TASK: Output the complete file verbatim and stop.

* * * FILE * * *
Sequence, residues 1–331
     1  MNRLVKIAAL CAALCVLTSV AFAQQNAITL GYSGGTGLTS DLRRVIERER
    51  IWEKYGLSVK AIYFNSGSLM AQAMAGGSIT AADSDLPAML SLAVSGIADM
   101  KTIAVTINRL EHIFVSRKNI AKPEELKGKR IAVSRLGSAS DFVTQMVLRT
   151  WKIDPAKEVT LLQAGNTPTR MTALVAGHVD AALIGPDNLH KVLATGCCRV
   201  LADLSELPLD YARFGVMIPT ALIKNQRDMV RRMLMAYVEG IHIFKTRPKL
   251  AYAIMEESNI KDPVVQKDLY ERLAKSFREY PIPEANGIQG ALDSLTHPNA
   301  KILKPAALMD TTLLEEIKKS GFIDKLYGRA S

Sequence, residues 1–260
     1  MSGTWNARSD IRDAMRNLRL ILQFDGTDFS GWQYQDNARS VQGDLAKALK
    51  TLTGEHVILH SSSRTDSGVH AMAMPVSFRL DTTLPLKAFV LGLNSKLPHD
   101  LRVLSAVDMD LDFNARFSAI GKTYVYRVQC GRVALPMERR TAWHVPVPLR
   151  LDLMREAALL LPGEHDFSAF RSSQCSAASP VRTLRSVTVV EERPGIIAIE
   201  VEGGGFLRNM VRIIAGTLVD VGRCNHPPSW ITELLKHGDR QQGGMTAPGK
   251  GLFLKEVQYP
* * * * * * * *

Sequence, residues 1–331
     1  MNRLVKIAAL CAALCVLTSV AFAQQNAITL GYSGGTGLTS DLRRVIERER
    51  IWEKYGLSVK AIYFNSGSLM AQAMAGGSIT AADSDLPAML SLAVSGIADM
   101  KTIAVTINRL EHIFVSRKNI AKPEELKGKR IAVSRLGSAS DFVTQMVLRT
   151  WKIDPAKEVT LLQAGNTPTR MTALVAGHVD AALIGPDNLH KVLATGCCRV
   201  LADLSELPLD YARFGVMIPT ALIKNQRDMV RRMLMAYVEG IHIFKTRPKL
   251  AYAIMEESNI KDPVVQKDLY ERLAKSFREY PIPEANGIQG ALDSLTHPNA
   301  KILKPAALMD TTLLEEIKKS GFIDKLYGRA S

Sequence, residues 1–260
     1  MSGTWNARSD IRDAMRNLRL ILQFDGTDFS GWQYQDNARS VQGDLAKALK
    51  TLTGEHVILH SSSRTDSGVH AMAMPVSFRL DTTLPLKAFV LGLNSKLPHD
   101  LRVLSAVDMD LDFNARFSAI GKTYVYRVQC GRVALPMERR TAWHVPVPLR
   151  LDLMREAALL LPGEHDFSAF RSSQCSAASP VRTLRSVTVV EERPGIIAIE
   201  VEGGGFLRNM VRIIAGTLVD VGRCNHPPSW ITELLKHGDR QQGGMTAPGK
   251  GLFLKEVQYP